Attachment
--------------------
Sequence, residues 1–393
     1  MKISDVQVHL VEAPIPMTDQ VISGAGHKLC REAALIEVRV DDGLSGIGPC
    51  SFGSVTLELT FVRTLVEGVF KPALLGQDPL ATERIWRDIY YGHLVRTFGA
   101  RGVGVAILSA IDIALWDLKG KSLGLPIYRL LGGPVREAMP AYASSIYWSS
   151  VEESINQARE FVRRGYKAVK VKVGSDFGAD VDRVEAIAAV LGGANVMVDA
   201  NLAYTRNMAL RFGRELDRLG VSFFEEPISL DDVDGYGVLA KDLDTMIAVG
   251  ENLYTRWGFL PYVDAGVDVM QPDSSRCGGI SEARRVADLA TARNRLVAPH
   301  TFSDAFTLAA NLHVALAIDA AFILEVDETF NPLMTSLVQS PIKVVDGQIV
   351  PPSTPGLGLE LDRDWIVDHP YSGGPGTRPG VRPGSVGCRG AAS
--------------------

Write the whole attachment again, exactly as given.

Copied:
Sequence, residues 1–393
     1  MKISDVQVHL VEAPIPMTDQ VISGAGHKLC REAALIEVRV DDGLSGIGPC
    51  SFGSVTLELT FVRTLVEGVF KPALLGQDPL ATERIWRDIY YGHLVRTFGA
   101  RGVGVAILSA IDIALWDLKG KSLGLPIYRL LGGPVREAMP AYASSIYWSS
   151  VEESINQARE FVRRGYKAVK VKVGSDFGAD VDRVEAIAAV LGGANVMVDA
   201  NLAYTRNMAL RFGRELDRLG VSFFEEPISL DDVDGYGVLA KDLDTMIAVG
   251  ENLYTRWGFL PYVDAGVDVM QPDSSRCGGI SEARRVADLA TARNRLVAPH
   301  TFSDAFTLAA NLHVALAIDA AFILEVDETF NPLMTSLVQS PIKVVDGQIV
   351  PPSTPGLGLE LDRDWIVDHP YSGGPGTRPG VRPGSVGCRG AAS